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Prostitution Laws in San Francisco and Sweden: Who Is Right?

Prostitution Laws in San Francisco and Sweden: Who Is Right?
By: Brenda Zurita - 8/22/2008

In 1999, Sweden passed a law prohibiting the purchase of sexual services but not the sale of them. The law also prohibits procuring, which means pimps and traffickers are arrested. Sweden believes that prostitution is a form of violence against women, and as such, they are going after the demand side of the equation and have been very successful. An absence of johns wanting to buy sex translates to no prostituted persons selling it.

In November 2008, the residents of San Francisco will vote on a different approach; they propose to decriminalize prostitution. The ballot measure states, “Law enforcement agencies shall not allocate any resources for the investigation and prosecution of prostitutes for prostitution.” It further says the funds should be reallocated to policies that reduce “institutional violence and discrimination against prostitutes.”

Sweden says prostitution is harmful to women, children, men and society, and as such, seeks to eradicate it in their country. They allocate their resources to arresting the johns, pimps and traffickers and providing access to employment programs, education, protection and support for prostituted persons so that they can leave that life.

San Francisco has a vocal and active contingent of “sex workers” (a term used by those who want to normalize prostitution and disguise the fact that exploitation and violence are an integral component of prostitution) who are pushing this measure. If the measure passes, it will essentially make San Francisco a welcoming gateway to the United States for pimps, traffickers and johns who think buying another human being is acceptable. The demand will increase, and traffickers will follow to make huge profits off of the demand through slavery.

Currently, when a john is arrested in San Francisco, he can opt to pay a fine and attend what is called the First Offender Prostitution Program (FOPP). Part of the resources raised through these fines goes to support FOPP and to help prostituted women who have been freed from sexual exploitation. The program teaches johns the harmful and exploitative reality of prostitution, which in turn reduces the recidivism rates. The program has been very successful and is being duplicated throughout the United States.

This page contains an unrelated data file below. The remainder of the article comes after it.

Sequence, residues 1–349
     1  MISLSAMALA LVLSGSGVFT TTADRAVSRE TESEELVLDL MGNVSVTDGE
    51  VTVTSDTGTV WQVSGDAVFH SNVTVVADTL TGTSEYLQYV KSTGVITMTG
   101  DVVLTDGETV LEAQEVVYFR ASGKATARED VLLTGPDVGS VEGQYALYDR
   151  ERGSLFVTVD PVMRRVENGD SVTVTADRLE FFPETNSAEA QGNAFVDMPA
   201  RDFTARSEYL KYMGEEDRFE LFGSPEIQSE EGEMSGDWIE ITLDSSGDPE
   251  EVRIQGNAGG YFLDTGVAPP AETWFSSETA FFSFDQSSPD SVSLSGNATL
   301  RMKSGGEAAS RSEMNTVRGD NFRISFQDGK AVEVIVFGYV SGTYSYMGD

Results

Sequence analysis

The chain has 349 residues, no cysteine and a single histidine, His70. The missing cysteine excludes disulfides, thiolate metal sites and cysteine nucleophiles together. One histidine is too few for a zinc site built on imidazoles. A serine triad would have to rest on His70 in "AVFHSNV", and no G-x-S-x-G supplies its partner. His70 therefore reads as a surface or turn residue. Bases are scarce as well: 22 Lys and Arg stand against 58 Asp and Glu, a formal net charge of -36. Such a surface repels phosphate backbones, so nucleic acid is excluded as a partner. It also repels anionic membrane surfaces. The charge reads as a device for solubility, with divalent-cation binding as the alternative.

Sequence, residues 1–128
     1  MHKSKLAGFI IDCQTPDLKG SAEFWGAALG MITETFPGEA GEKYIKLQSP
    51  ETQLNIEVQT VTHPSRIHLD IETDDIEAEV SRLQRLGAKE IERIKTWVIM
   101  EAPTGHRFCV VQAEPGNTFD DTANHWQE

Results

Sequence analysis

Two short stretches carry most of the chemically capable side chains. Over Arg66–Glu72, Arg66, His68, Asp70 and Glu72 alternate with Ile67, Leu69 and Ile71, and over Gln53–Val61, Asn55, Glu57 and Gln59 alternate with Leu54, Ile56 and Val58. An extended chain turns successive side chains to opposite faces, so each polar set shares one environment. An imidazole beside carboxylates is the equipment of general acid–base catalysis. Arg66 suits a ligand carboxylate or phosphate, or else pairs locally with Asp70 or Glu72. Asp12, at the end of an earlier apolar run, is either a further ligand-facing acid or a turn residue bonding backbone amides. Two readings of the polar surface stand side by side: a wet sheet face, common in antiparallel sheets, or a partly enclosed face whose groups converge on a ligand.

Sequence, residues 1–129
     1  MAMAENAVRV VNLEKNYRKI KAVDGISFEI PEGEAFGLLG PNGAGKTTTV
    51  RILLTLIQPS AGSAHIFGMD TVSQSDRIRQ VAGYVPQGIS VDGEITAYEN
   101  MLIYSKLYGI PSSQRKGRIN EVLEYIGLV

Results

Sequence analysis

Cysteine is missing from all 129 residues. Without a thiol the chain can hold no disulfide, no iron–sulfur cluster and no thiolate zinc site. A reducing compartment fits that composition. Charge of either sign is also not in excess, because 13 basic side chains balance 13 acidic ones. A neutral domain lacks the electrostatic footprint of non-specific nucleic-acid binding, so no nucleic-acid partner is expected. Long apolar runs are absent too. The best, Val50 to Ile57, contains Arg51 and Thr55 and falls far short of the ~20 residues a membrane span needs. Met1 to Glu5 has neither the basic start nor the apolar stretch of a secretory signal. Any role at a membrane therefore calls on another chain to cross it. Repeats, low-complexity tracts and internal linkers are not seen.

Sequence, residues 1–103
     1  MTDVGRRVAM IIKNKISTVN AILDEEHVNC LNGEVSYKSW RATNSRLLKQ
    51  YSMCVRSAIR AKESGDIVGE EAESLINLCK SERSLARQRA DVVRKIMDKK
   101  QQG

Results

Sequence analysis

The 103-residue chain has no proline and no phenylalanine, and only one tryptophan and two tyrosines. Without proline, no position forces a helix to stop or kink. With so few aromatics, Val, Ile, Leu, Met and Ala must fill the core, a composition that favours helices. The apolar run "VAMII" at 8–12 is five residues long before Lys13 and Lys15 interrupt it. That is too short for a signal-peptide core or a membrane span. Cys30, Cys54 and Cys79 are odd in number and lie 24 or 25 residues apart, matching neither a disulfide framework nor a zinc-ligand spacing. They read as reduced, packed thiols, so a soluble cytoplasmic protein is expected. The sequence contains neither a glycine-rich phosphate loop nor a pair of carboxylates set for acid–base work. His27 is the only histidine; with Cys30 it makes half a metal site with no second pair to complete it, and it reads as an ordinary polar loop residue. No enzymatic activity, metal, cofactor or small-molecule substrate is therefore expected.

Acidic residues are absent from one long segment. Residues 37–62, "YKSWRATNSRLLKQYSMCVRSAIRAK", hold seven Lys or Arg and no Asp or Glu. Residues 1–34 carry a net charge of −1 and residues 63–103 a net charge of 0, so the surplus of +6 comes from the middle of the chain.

The San Francisco ballot measure states, “The City and County of San Francisco shall not support either economically or through legislation the ‘First Offenders’ program or any similar intentioned program that forces sex workers into re-education programs.” The fact that the ballot measure totally misrepresents the purpose of the program is appalling, and the use of the term “re-education programs” is inflammatory. The writers of the ballot measure must consider the FOPP program to be quite successful since they went to the trouble of naming it specifically and to so distort its purpose.

Ironically, those pushing the ballot measure want the police to “practice consistent and rigorous enforcement against coercion, extortion, battery, rape and other violent crimes, regardless of the victim’s status as a sex worker.” So they want the police to enforce these laws, which they should because they are crimes, but they do not want the police to enforce the anti-prostitution laws on the books. They say nothing about enforcing the solicitation laws, but then, if they were enforced their johns would be arrested. So should the laws be enforced against johns and pimps that employ methods of coercion, extortion, battery and rape? Ah, but how do you tell who is a “good” john and who is a “bad” john?

And given the list of crimes they do want punished, which are associated with prostitution, doesn’t it seem to follow that prostitution is a dangerous job? How many librarians have to face coercion, extortion, battery, rape and other violent crimes every time they go to work?

Sweden recognizes that prostitution is not a job for anyone and that it is degrading and dehumanizing. San Franciscans, if the majority votes for this ballot measure, will endorse the idea through its government and law enforcement agencies that selling human bodies – women’s and children’s especially – as commodities is normal and acceptable. How is this measure good for women, children, the community or society at-large?

The findings section of the ballot measure emphatically states, “The police department has applied for and received additional federal monies in the form of federal grants to racially profile prostitutes for investigation and/or arrest under the guise of rescuing trafficked victims.” Which federal agency is promoting racial profiling? Which races are they targeting? Traffickers will supply victims according to demand, so if, for the sake of argument, San Franciscans preferred Vietnamese prostitutes, would the police department be guilty of racial profiling if they investigate Vietnamese prostitution rings?

Here’s a solution: forget racial profiling and do some gender profiling. Start with the men who are sexually exploiting women and children. When they are cleared out, move on to women who sexually exploit. This way there is no racial profiling, and cutting down the categories to male or female should make it more efficient.

San Francisco will be far better served if they throw this ballot measure out and start fresh. Perhaps they should study Sweden’s success?

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